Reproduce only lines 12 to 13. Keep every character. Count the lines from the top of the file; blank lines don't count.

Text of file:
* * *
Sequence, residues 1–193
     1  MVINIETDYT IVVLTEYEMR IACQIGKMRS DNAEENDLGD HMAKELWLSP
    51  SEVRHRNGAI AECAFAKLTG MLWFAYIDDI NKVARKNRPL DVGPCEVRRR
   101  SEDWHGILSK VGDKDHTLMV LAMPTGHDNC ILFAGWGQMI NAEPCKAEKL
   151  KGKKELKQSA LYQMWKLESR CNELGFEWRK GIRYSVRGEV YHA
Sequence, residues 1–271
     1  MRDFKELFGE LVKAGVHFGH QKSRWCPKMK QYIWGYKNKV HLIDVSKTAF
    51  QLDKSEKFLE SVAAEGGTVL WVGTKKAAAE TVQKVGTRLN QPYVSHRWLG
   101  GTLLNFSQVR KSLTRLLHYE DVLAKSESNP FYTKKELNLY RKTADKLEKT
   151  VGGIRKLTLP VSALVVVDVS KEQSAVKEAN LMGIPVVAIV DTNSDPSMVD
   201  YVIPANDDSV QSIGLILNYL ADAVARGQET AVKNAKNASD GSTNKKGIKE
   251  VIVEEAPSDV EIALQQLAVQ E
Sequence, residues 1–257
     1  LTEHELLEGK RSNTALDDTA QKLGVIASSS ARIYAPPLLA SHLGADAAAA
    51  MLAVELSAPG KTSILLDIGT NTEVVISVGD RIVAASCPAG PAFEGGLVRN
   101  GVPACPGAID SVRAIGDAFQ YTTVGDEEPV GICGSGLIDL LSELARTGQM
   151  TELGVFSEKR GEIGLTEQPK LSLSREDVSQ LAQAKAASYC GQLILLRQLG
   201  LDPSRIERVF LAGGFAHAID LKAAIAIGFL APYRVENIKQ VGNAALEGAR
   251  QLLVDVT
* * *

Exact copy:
   251  VIVEEAPSDV EIALQQLAVQ E
Sequence, residues 1–257